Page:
To my knowledge there is only one identifiable face and entity associated with the venture. Minister Bartlett must now publicly and fulsomely disclose all involved in the railway revitalization exercise. It cannot be that with silence, the government will become aiders and abettors of industry monopoly. As an aside, the revitalization of the railway suggests that it would be used to ferry goods and locals between both points but in reality, this seems to be a rail system dedicated to certain tourism interests.

With the revitalization of the rail leg from Montego Bay to Appleton, there will be dislocation of families who captured and squatted on railway lands since 1988 when Hurricane Gilbert dealt Jamaica’s rail service a death blow. Following the signing of the MOU between the consortium led by CEO of Sandals Resort and ATL automotive, Adam Stewart and the Jamaica Railway Corporation (JRC), the Ministry of Transportation and Mining stated that the 55-kilometre segment of the JRC Railway Tracks, adjacent lands and buildings including civil infrastructure, such as, over and under bridges and tunnels are to be rehabilitated and developed into Jamaica’s first heritage tourism tour via the railroad.

In that eventuality, 168 households from Bogue to New Ramble will be displaced. Already, bulldozers and sledge hammers are in place for the forced removal of approximately five hundred persons living and squatting illegally on railway lands. Attorney General and Member of Parliament, Marlene Malahoo-Forte M.P (W.C St. James) in whose constituency these persons reside cannot be allowed to sit idly by without a resettlement alternative while persons are removed forcibly. I need not remind the MP that five hundred votes can win or lose an election. I am hoping she is familiar with the World Bank’s assessment that people removed for development projects must be put in a position that will make their lives much better off than they were before the construction.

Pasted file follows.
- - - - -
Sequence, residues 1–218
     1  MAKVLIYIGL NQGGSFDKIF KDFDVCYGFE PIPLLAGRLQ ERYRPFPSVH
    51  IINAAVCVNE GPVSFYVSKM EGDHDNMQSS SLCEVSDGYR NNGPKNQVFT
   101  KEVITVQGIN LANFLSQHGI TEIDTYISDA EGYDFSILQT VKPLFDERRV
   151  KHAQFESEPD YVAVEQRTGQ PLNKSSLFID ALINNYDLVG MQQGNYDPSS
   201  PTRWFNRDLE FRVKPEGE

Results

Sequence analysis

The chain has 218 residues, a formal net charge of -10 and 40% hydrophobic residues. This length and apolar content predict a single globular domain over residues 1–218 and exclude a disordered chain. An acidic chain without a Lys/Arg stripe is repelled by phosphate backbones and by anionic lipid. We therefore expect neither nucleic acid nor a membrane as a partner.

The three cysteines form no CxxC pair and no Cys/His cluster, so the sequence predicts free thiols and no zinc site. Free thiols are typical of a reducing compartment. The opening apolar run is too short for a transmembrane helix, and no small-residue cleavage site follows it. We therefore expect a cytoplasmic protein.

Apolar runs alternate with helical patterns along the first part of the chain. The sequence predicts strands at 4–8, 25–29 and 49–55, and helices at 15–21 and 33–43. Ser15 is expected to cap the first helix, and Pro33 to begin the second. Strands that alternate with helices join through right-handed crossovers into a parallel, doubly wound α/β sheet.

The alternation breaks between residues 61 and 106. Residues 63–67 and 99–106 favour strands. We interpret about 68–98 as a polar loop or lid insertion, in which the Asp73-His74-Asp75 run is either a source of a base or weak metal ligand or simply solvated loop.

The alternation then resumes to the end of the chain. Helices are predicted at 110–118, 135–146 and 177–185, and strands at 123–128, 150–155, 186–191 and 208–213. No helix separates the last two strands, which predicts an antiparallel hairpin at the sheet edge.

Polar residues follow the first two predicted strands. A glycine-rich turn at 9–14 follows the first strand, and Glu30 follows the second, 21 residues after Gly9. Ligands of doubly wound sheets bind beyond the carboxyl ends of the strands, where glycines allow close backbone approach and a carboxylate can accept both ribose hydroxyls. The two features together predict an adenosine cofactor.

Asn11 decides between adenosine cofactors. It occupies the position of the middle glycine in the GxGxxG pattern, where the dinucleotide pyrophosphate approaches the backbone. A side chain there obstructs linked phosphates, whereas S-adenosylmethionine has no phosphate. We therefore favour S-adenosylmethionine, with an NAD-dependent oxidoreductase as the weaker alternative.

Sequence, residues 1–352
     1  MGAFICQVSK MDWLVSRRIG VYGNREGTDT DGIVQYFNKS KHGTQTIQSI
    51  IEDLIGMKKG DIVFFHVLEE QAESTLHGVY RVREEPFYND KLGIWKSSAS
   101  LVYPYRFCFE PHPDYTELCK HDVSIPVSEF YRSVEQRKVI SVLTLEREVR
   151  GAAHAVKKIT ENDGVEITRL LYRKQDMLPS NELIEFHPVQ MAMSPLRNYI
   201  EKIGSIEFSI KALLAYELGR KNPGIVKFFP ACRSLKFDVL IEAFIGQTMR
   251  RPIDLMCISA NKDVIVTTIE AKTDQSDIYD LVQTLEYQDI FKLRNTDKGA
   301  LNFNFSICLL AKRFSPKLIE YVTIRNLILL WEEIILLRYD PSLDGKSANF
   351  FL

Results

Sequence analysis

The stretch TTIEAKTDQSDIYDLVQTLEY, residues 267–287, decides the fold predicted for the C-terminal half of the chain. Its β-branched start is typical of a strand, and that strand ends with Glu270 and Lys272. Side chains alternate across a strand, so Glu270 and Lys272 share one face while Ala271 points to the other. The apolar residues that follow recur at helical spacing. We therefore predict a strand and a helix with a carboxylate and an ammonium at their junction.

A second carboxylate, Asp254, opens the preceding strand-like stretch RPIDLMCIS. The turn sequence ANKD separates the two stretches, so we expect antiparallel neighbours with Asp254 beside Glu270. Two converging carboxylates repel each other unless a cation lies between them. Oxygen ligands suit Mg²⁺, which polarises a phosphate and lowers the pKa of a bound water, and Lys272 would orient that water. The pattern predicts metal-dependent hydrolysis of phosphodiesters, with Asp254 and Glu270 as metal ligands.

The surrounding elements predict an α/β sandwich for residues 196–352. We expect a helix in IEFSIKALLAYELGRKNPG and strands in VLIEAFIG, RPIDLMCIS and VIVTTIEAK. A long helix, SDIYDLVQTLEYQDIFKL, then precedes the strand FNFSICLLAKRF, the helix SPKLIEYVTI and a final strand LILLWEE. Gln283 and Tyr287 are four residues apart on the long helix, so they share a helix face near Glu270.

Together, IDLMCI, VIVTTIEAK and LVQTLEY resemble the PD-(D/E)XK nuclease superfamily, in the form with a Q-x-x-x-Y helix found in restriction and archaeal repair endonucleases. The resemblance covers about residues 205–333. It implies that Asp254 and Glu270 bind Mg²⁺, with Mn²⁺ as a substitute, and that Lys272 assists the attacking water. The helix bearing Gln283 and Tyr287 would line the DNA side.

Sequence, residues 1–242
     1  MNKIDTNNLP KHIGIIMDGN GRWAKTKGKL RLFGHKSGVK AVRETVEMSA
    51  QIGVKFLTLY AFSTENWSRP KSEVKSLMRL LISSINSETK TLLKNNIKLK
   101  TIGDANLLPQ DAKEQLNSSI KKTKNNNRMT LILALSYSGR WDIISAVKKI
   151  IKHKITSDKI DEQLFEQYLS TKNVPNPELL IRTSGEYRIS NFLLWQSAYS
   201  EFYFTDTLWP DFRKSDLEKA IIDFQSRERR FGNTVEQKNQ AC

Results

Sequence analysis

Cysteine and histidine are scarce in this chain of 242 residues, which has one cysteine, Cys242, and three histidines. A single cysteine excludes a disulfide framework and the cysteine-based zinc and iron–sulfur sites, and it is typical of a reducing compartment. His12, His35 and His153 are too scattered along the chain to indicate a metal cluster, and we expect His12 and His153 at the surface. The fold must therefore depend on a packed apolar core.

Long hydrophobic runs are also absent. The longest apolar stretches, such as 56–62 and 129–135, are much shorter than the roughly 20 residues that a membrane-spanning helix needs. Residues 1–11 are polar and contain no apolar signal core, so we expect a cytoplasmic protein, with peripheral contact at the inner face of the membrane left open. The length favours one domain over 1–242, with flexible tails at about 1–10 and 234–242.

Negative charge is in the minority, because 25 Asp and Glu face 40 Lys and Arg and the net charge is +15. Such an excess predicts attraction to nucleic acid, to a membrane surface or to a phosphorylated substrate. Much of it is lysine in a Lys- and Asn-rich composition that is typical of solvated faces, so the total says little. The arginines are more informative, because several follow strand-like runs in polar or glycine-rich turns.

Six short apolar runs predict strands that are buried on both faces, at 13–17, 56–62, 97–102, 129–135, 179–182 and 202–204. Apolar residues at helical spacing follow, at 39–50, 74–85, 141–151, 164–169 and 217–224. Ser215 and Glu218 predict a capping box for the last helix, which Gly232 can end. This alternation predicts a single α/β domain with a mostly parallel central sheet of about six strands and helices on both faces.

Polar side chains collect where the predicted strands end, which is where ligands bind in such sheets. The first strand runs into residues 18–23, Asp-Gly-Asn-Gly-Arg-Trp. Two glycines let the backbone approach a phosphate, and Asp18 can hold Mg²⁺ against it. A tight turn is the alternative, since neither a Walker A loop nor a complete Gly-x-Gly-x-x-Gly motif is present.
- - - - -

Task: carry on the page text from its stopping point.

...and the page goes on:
If she isn’t, I will point her attention to the following, World Bank Discussion Papers: The Urban Environment and Population Relocation by Michael M. Cernea “When relocation is unavoidable, efforts should be made to minimize it and to ensure that those relocated are assisted to at last restore their former living standards and earning capacity, and if possible to improve them. Displaced persons should be (a) compensated for their losses at replacement costs, (b) given opportunities to share in project created benefits, and (c) assisted with the move and during the transition period at the relocation site. Similar policy principles regarding population displacement and relocation were adopted in December 1991 by the governments of all OECD countries for their international aid agencies (OECD 1991).

Both the Bank’s policy and the OECD guidelines explicitly state that all resettlement programs must be development programs as well, and that measures must be taken to improve the conditions of those dislocated and prevent them from becoming permanently impoverished and destitute. To achieve this goal, the implications of resettlement must be pondered from the earliest stages of the project’s preparation. At the same time, a range of development options for those displaced must be built into a full resettlement plan. The key characteristic of the Bank’s policy is a shifted from a welfare-like approach, limited mainly to cash compensation, to a development-oriented, integrated approach that can help settlers rebuild a self-sustaining production base and habitat.” Peace!